In the biggest pot of the year thus far Phil Ivey teaches Finnish pro Sami "LarzLuzak" Kelopuro a $406,814 lesson about why he shouldn't put in 30BB pre-flop, out of position, with a potentially dominated hand.
A lesson the Finn should probably already have learned, seeing as he's playing at the highest stakes available. However, even pros can get caught up in the moment and make plays that show a negative expectation.
On to the hand.
Sami "LarsLuzak" Kelopuro - $203,407
Phil Ivey - $318,940
Game: $500-$1,000 No-Limit Hold'em, Gus Heaven, Full Tilt Poker
Ivey Takes Biggest Poker Pot of the Year
The action kicks off with Phil Ivey raising from the button/small blind to $3,000. LarLuzak then three-bets to $10,500 and Ivey four-bets to $31,500.
LarzLuzak makes the call and they see a flop heads-up of 6♦ 9♠ 3♠. LarzLuzak checks and Ivey bets $44,000. LarsLuzak check-raises all-in for $171,907, and Ivey makes the call.
When the cards are flipped it's LarzLuzak on the draw with the K♠ T♠ against Phil Ivey's A♣ A♥.
The turn gives LarsLuzak a little more hope and adds five more outs with the K♣, but the river bricks off with the 6♥.
The $406,814 pot and biggest pot of the year (thus far) honors go to Phil Ivey.
Ivey gets things rolling with the easiest raise to $3,000 he's ever made off the button with A♣ A♥. I mean, if you are regularly raising K♣ 2♣ off the button, aces is a no-brainer.
LarzLuzak elects to three-bet to $10,500 with K♠ T♠ from the big blind.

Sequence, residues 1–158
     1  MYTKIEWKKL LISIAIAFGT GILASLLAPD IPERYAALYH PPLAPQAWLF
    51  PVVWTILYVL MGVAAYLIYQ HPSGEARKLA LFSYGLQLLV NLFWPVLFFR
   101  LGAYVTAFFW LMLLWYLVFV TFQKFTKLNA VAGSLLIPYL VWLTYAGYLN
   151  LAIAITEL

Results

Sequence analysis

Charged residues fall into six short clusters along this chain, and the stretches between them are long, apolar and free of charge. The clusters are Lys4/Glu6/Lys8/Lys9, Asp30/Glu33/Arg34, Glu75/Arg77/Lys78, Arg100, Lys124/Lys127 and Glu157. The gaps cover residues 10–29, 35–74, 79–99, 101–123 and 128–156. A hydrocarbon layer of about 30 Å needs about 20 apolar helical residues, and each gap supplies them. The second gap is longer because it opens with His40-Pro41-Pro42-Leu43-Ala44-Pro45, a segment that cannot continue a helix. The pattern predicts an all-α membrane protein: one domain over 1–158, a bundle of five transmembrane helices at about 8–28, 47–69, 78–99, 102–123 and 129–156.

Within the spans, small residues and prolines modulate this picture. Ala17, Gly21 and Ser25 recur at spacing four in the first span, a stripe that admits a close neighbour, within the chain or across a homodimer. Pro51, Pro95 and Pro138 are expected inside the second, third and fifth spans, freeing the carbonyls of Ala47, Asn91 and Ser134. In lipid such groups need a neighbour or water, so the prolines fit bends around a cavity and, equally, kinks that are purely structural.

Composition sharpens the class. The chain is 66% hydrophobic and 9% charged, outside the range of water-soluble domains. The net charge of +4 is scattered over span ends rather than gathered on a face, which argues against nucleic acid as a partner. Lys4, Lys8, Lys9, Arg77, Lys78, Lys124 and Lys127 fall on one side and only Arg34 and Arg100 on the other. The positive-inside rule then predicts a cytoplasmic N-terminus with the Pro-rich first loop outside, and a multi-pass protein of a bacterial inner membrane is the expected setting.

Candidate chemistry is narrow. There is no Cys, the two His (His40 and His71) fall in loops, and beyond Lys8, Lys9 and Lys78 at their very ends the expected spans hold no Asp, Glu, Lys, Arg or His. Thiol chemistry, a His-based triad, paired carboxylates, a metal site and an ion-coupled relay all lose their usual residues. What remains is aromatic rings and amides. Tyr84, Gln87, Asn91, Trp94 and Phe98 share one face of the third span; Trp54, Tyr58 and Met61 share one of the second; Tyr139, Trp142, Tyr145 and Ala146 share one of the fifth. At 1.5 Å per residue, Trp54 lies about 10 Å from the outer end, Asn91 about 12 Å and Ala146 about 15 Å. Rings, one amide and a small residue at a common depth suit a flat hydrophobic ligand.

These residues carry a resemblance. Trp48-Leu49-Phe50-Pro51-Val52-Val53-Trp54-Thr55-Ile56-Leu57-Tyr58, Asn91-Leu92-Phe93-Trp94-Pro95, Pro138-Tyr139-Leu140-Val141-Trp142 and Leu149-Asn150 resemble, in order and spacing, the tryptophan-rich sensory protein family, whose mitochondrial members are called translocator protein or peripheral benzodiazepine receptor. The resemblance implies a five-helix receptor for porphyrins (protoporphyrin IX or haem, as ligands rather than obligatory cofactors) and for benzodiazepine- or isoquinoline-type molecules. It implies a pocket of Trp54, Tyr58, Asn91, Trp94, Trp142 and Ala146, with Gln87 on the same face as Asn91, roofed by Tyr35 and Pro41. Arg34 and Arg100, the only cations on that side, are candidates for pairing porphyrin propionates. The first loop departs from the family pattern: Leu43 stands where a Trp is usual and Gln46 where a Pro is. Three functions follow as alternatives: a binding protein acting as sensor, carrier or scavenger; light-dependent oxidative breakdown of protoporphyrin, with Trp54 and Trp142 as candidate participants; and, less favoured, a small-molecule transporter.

Since Ivey's (and every high-stakes regular's) opening range on the button is so wide, two suited broadway cards are often ahead.
We know the outcome of the hand - we know that Ivey isn't just raising some button trash; he has AA for the before-the-flop nuts, and he chooses to four-bet to $31,500.
This play is for value - because of the nature of these high-stakes games, it's seldom necessary to slow-play.
All of the top players balance their range so well that at any time they bet they can have the nuts or a stone-cold bluff. This leads their opponent to make guesses toward their plays - guesses that are usually wrong.
LarzLuzak elects to make the call … a play I can't really get behind. Granted, I don't know the exact dynamic of this session, but I just can't see how it is very profitable to call a large four-bet only to play the pot out of position with a reverse implied odds hand like K♠ T♠.
When the flop comes 6♦ 9♠ 3♠, LarzLuzak checks and Ivey bets $44,000 for value.
His hand is huge - he has the nut overpair and there is already 60BB in the pot. His bet is looking to extract value from any stubborn pocket pairs and draws.
LarzLuzak check-raises Ivey all-in for $171,907.
Now I can't say that I dig the pre-flop call, but I am in agreement with him on this flop. If you are going to call 30BB with K♠ T♠ then it's time to make a move when you flop a flush draw.
The check-raise itself is good because with Ivey's bet there is over $100,000 in the pot.
With such a large pot already brewing he is not going to be able to fold with his flush draw.
By check-raising as a semi-bluff LarsLuzak takes the initiative in the hand and can now win it two ways: he can cause Ivey to fold or he can win the pot at showdown by hitting one of the remaining nine spades.
Of course in this scenario Ivey has A♣ A♥ and isn't ever going to fold. However, if you look at Ivey's entire range it is possible to get some folds (bricked ace-kingtype hands, small pocket pairs, etc).
Although LarzLuzak's call before the flop is probably not very profitable, he plays the rest of the hand perfectly.
This time, he isn't lucky enough to hit, and when the turn and river bring bricks, Ivey has the enviable task of finding another mattress to stuff $406,814 under.